Fig. 9
figure 9

Forest plot for all-cause mortality rate in the control groups and UTI groups

Publication bias and sensitivity analysis

Unmeasured bias may impose a further limitation inherent to analyses in these RCTs. All the included studies involved the use of UTI for treating CPB patients. Using ICU LOS as the primary variable, the included studies were evaluated for the effect of study size. The funnel plot demonstrated an approximate symmetrical shape, suggesting that substantial publication bias is remote. Besides, Egger’s test also revealed a statistically substantial symmetry (p = 0.733). Therefore, potential publication bias had no significant influence on the results (Fig. 10).

Fig. 10
figure 10

The Begg’s test and Egger’s test for ICU LOS. Begg’s test: rank correlation test; Egger’s test: linear regression method; SMD: standardized mean difference; 95% CI confidence interval

As to ICU LOS, sensitivity analysis showed that omitting specific trails had no significant impact on this outcome (Fig. 11). We could not entirely rule out the possibility that our findings are impacted by publication bias from the funnel plot. Three studies were outside of the confidence interval in Begg's funnel plot with pseudo 95% confidence limits. And we believe that the high heterogeneity may arise from many factors such as sample size, different design methods and study population.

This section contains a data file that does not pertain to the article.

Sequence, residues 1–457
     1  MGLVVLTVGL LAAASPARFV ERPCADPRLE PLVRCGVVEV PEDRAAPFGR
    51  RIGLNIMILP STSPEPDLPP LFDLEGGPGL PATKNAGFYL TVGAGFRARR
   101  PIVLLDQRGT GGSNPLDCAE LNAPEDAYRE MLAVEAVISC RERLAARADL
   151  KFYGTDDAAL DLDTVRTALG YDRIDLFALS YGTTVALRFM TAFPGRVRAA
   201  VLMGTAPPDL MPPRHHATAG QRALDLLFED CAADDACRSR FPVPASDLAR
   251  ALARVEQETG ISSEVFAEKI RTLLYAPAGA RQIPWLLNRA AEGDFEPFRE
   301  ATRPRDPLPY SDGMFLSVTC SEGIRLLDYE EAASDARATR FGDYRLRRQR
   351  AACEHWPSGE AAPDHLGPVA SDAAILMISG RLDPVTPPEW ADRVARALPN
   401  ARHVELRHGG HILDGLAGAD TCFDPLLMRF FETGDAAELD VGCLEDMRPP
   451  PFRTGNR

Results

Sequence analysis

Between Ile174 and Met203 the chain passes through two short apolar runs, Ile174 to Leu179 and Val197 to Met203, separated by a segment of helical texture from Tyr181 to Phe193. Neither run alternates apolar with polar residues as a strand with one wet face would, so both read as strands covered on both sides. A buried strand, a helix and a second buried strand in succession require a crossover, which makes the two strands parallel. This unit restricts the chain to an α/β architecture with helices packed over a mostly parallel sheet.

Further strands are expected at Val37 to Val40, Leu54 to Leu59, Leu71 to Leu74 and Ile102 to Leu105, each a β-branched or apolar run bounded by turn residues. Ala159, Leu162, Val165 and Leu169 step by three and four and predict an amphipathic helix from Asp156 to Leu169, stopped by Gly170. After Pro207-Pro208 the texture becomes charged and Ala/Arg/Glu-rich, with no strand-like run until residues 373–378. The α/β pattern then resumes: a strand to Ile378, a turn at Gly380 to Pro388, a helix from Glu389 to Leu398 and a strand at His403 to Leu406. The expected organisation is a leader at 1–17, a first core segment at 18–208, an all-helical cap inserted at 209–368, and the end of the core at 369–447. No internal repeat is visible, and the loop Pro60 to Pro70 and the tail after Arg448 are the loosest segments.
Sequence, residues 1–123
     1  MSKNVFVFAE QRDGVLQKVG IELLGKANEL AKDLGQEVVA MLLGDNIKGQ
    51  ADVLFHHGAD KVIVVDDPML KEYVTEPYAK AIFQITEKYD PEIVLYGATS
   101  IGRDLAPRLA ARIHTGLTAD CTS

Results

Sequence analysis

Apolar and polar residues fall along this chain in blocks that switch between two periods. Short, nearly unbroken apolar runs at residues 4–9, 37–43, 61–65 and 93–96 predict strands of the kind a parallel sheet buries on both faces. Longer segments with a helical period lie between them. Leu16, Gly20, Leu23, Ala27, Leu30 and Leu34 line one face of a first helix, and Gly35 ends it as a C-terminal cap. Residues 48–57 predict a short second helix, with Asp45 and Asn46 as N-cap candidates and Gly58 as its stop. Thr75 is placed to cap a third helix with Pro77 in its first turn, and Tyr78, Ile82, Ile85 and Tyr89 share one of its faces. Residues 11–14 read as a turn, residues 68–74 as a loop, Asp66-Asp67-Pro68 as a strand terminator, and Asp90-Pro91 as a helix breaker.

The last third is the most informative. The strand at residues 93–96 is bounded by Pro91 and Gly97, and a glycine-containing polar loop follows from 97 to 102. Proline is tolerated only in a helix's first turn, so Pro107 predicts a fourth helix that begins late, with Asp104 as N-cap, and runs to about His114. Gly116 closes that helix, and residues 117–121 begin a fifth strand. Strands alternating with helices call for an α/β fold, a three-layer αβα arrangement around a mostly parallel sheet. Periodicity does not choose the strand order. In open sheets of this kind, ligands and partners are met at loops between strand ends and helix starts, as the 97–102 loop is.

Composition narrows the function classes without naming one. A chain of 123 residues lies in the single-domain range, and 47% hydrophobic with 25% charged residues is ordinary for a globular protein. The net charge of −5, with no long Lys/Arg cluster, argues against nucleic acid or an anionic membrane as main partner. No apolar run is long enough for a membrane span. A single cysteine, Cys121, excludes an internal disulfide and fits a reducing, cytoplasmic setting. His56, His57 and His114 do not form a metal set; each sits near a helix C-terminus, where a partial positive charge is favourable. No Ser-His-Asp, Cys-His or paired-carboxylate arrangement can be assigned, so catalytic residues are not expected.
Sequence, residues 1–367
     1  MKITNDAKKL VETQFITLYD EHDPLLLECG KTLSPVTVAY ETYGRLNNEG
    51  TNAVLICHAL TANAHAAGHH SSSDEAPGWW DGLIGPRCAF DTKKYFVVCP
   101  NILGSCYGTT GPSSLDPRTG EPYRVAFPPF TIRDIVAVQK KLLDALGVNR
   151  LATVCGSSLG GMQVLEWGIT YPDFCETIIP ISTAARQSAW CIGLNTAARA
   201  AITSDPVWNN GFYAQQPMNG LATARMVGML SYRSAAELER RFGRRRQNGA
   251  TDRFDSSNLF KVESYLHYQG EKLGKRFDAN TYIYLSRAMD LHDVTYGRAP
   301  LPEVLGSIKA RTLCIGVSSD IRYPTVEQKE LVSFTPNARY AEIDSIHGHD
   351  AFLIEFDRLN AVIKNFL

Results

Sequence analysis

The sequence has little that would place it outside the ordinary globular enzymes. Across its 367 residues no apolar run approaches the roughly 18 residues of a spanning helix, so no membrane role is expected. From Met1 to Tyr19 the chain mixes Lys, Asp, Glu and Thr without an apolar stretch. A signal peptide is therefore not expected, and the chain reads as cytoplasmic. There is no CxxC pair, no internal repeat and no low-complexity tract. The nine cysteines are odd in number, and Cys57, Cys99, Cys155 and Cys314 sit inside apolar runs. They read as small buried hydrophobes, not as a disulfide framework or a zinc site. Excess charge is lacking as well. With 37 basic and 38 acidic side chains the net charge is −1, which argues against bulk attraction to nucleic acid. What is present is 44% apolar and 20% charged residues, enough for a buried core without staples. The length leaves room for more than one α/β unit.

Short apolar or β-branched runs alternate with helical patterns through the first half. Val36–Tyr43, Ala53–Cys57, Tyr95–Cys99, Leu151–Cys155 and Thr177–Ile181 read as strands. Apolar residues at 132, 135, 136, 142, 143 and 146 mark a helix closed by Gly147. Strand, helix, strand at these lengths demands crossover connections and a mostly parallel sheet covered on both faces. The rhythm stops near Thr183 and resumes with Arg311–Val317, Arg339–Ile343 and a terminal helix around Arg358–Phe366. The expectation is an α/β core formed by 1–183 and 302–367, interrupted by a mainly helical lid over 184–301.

Fig. 11
figure 11

The form of sensitivity analysis


Commonly associated with systematic inflammatory, cardiac surgery with CPB is inimical to clinical outcomes of the patients [46]. Meanwhile, Ulinastatin, a protease inhibitor emanating from human urine and blood, has potent anti-inflammatory and anticoagulant activity [47] which has been shown to ameliorate inflammatory response to CPB [22] significantly. And several immunomodulatory strategies for UTI have been evaluated accordingly. Nonetheless, what is much less clear is the impact of UTI on the postoperative course and overall outcomes in CPB patients [48].

This meta-analysis identified 11 RCTs investigating the effect of UTI on ICU LOS of CPB patients. Despite the limitations of RCTs included in this meta-analysis and the existence of considerable heterogeneity, with data pooled from all these patients, we could still see that UTI could be associated with ICU LOS. After meta-regression was analyzed, we discovered the source of heterogeneity might be UTI dosage, MVD was found to be associated with UTI too. However, considering the significant heterogeneity, profound conclusions and causal inferences had been hampered.